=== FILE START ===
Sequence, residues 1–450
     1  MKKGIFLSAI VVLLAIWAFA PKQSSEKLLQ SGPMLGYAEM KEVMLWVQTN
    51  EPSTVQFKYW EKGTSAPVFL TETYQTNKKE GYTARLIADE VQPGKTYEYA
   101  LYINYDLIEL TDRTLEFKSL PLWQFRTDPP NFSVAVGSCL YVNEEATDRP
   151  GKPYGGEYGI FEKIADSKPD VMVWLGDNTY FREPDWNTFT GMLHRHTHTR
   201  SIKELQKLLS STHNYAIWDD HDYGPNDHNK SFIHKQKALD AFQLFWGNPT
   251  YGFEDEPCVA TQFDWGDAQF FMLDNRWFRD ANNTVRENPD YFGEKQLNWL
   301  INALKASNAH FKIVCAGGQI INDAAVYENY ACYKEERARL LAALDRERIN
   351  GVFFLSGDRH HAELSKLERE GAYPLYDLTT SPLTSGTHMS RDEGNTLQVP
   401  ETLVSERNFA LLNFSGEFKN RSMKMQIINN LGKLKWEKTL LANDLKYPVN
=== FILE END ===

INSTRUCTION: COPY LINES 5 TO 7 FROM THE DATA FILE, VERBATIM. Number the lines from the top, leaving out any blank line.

   151  GKPYGGEYGI FEKIADSKPD VMVWLGDNTY FREPDWNTFT GMLHRHTHTR
   201  SIKELQKLLS STHNYAIWDD HDYGPNDHNK SFIHKQKALD AFQLFWGNPT
   251  YGFEDEPCVA TQFDWGDAQF FMLDNRWFRD ANNTVRENPD YFGEKQLNWL